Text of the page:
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Ask Nancy…

scales of justiceby Nancy Burner, Esq.

Question: My wife and I recently executed a Revocable Trust and re-titled our home and some bank accounts into the name of the trust thinking that we had taken the first steps toward protecting our assets should one or both of us need nursing home care in the future. I just heard from a friend of mine that a Revocable Trust does not protect my assets and that what I should have considered was an Irrevocable Medicaid Trust. Could you explain the difference?
Answer: Although a Revocable Trust can be extremely beneficial for the creator of the trust, unfortunately, one benefit which can not be realized from a properly created and funded Revocable Trust is asset protection. Revocable Trusts have become increasingly popular planning tools for individuals who are interested in avoiding probate, and who are concerned with the orderly and private administration of their assets at the time of their death. Because the grantor (creator) of a Revocable Trust maintains complete control over the assets in the trust during their lifetime, and in most cases, acts as trustee of their own trust, assets held in the trust are considered completely available to the creator, sometimes referred to the grantor or settlor. Accordingly, these assets will also be considered completely available should the creator need long term nursing home care.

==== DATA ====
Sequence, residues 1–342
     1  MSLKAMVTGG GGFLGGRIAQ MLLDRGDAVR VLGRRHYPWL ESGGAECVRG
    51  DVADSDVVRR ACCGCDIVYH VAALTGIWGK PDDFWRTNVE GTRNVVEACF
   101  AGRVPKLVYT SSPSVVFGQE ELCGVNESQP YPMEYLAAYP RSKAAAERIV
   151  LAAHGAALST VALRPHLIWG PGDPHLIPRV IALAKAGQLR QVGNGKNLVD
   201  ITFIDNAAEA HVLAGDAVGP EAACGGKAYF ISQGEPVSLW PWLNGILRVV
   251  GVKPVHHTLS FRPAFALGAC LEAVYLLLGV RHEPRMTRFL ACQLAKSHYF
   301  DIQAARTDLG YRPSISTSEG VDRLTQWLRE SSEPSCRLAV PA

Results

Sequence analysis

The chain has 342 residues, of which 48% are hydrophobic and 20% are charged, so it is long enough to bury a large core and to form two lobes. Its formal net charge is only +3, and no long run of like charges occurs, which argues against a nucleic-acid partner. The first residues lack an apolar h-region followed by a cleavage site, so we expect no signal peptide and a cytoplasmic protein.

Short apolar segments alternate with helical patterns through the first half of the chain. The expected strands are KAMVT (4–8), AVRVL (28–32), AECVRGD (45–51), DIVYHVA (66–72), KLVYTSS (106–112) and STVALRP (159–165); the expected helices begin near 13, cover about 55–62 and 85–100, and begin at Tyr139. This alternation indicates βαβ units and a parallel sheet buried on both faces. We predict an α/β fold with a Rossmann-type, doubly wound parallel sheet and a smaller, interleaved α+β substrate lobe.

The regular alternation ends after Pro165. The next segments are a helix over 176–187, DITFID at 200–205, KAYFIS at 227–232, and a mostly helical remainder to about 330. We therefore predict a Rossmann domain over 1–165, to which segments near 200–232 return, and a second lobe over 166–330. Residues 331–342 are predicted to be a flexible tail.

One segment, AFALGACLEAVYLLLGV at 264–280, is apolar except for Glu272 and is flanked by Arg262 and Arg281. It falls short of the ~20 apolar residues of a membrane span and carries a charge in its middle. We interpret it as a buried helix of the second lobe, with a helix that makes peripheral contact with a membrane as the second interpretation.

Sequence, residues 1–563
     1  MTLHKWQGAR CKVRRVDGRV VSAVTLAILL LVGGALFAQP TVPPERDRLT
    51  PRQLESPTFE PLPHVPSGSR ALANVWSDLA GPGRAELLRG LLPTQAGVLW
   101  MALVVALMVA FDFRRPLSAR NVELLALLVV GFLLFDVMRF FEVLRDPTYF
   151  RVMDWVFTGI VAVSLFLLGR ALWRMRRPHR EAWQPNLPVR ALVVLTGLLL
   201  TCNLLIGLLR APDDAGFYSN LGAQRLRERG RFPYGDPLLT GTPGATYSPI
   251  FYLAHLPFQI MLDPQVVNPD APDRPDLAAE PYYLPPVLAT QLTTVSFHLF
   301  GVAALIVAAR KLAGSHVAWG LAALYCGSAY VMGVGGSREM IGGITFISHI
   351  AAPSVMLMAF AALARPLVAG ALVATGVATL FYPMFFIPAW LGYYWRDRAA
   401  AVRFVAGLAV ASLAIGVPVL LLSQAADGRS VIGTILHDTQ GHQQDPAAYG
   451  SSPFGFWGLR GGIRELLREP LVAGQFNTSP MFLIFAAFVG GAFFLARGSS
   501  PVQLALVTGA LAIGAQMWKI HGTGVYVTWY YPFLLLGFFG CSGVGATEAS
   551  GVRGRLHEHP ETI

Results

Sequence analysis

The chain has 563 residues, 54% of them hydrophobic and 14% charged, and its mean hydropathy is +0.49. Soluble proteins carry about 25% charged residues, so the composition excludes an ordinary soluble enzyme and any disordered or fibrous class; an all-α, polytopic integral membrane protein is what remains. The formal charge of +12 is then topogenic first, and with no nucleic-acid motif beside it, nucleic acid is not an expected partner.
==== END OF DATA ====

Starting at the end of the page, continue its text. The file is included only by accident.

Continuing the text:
On the other hand, a properly funded Irrevocable Trust can provide for both asset protection and asset management. The creation of an Irrevocable Trust allows you to place your home and any non retirement asset you wish to protect into a trust to be managed by a third-party trustee according to the provisions of your trust. If you are the grantor of an Irrevocable Trust, neither you nor your spouse may function as the trustee. Grantors commonly designate their children as trustees. If the ownership of your residence is transferred to the trust, you retain the right to live in the premises during your lifetime, yet the house could be sold if need be and replacement property could be purchased by the trustee. You retain any property tax exemptions that you were entitled to prior to placing your residence into your Irrevocable Trust, including senior citizen and STAR. If you decide to sell your home, the trustee can do so on your behalf and the trust would then hold the liquid funds resulting from the sale. Liquid funds, such as bank accounts, money market accounts, certificates of deposit, stocks, and bonds can also be transferred into your Irrevocable Trust. If your Irrevocable Trust holds title to such investments, you as the grantor would continue to earn all the income from the investments but you would not be entitled to the principal. With respect to asset protection, once property, in the form of real estate or liquid assets, has been in your properly drafted Irrevocable Trust for a period of five (5) years, it is no longer considered an available resource in determining Medicaid eligibility for nursing home care. Therefore, although you have not started the process of protecting your assets, there are other benefits which can be realized from the creation and funding of a Revocable Trust. However, if asset protection is your goal, you should consult with an experienced Elder Law attorney to determine which course of action is best for your particular circumstance.

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